From the highest point in the yard we could look over most of the tree tops on the low side.  Chara, my German wirehaired pointer, poked around a thicket on the opposite side of the clearing.  My friend made some comment about the boulder at the edge of the forest, almost round and completely on top of the soil, and about as tall as a bus.  That’s when I noticed the ruffed grouse strutting nervously along our side of the rock.
“Bird,” I said, taking a step that direction. 
     My friend followed and about two steps later the grouse took off low.  I fired my two shots and so did he, but the bird never flinched.  Neither did the second one that followed the first when, but of course our guns were empty then.
     We followed them down the hill, into a thicket of pin cherry trees not as big as my wrist.  Some greater power had mixed in a healthy dose of raspberries, just to make it really memorable.  In no time we both perspired profusely.  Chara, sometimes as close as twenty feet, remained invisible, but we could hear her bell.  One bird burst away unseen, then another.  We cursed and swore a bit.  A little further a third took off.
     When the land started to level out a bit, spruce and fir trees provided a break from the brambles and pin cherry.  Among the softwoods two grouse played cat and mouse with us, only letting us catch quick glimpses before disappearing into the green boughs. 
Walking into the softwood stand and then out the other side was like walking in the front door of a house and then out the back, about that far.  On the other side we found another logging road and stopped to cool off for a bit.  The dog found a stream, and stretched out in the cool water for a minute before resuming the hunt. 
     We followed, staying mostly in the gravel road, enjoying the easier walking.  Through the softwood trees on our right we could see the river close enough to throw a stone in, and on our left clusters of young spruce and fir broke up the small hardwood trees crowding together.  The dog worked through all the birdy looking cover, but kept coming up empty.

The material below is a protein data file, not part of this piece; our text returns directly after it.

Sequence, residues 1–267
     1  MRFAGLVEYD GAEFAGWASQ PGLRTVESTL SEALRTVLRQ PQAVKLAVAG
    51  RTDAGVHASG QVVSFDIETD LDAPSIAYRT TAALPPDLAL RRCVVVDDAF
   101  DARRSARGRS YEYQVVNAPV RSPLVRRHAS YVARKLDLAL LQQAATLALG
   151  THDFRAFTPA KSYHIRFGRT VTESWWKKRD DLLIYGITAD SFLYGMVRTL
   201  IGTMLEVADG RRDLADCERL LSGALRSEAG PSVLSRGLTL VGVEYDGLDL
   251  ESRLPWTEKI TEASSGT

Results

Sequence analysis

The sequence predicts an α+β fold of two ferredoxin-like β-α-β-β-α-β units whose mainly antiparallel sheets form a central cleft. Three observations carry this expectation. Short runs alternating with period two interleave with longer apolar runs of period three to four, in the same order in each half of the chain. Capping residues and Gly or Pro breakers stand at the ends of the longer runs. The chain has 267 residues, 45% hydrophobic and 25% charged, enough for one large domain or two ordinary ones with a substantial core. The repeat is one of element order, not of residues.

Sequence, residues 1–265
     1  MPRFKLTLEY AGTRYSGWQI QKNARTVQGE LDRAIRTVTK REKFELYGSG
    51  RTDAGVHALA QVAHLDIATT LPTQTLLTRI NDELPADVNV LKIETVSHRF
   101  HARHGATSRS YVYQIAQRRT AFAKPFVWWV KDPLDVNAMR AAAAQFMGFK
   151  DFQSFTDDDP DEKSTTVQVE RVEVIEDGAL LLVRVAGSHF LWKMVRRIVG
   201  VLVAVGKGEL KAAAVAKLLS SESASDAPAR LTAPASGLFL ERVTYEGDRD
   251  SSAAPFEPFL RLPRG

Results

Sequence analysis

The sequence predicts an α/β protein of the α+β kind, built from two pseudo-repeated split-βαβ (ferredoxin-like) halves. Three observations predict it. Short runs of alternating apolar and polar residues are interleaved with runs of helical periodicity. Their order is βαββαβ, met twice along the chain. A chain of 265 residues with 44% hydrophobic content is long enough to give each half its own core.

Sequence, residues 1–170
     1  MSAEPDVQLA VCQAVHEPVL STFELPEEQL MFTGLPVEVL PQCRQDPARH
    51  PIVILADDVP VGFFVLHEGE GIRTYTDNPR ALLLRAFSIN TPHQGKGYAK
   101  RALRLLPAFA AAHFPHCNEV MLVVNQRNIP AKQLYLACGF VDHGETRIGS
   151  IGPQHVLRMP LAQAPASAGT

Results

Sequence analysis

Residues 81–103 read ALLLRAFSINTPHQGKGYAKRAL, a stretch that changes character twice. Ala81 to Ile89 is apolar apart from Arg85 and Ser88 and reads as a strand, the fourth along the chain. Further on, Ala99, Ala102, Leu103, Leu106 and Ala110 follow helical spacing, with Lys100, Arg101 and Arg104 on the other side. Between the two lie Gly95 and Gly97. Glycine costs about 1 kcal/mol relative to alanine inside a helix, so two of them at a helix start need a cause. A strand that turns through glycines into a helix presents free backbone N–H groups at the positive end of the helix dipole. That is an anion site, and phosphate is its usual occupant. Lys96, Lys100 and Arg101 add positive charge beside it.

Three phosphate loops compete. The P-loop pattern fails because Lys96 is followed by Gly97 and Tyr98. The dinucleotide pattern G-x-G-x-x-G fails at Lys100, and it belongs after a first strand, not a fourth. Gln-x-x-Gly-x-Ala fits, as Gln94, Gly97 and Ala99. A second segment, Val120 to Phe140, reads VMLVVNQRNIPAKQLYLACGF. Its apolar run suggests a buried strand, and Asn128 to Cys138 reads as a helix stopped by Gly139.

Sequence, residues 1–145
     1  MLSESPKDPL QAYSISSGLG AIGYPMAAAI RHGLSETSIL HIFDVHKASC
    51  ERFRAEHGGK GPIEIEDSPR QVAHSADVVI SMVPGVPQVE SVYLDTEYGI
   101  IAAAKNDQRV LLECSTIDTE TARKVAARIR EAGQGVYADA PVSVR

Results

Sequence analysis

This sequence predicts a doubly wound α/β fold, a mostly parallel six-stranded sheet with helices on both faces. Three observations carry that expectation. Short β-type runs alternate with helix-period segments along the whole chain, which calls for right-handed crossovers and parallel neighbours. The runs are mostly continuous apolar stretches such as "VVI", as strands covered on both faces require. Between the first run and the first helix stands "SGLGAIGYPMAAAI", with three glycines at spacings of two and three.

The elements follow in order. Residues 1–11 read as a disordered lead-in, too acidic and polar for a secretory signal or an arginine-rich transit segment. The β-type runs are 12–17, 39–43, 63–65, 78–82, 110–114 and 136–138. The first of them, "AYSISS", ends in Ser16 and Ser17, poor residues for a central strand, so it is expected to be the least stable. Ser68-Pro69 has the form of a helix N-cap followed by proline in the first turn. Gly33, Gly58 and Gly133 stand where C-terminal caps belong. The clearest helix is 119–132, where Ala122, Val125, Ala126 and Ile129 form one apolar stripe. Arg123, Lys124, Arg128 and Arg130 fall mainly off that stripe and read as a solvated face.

Finally, among mixed softwood and poplars on the river side, Chara went on point.  As we approached, the bird flushed wild, offering only a lousy shot.
     Where the road started to climb away from the river we pushed through raspberries to hunt a mixed stand of poplars and alders, with enough young spruce and fir added in to provide dense cover for our quarry.  It looked like perfect grouse cover, but we only found a few woodcock and finally scratched one down.  They certainly don’t add much heft to a game bag, but it felt better than nothing.
     Further up the logging road, well after it had turned and headed us back toward the truck, Chara went on point beneath tall leggy spruce.  We walked in, but found nothing.  After coaxing her on, she pointed again, then hunted ahead to the right, locked up about solid, but then went to relocate about the time the bird flushed a couple of hundred feet ahead of her.
The road is a steady uphill climb and we trudged on.  No matter what you wear upland hunting on a day like that it feels too warm.  And then again the dog started to get birdy next to the road.  A bird flushed far up the hill.
     We walked on, but then I stopped and said, “See what’s in the road ahead?”
     “A bird?”
     “Looks like two partridge to me,” I said.
     We walked on slowly, the dog at heel.  The birds seemed oblivious.  About fifty yards from the birds I stopped and stayed with Chara, while my friend continued on.  When he was about thirty yards from the birds their heads went up and they started walking toward the side of the road.  With weapon at arms and walking briskly, he approached.  As the birds took to flight, raised the gun and fired twice.
     I think it is impossible to kill a bird that way.  The next time we’ll let them walk into the woods and have the dog point them.  This was suggested by my dog, who watched the whole event.
     The remaining trudge up the hill to the truck was only memorable for the effort involved.  I keep reminding myself that if any of this was easy we would all get bored.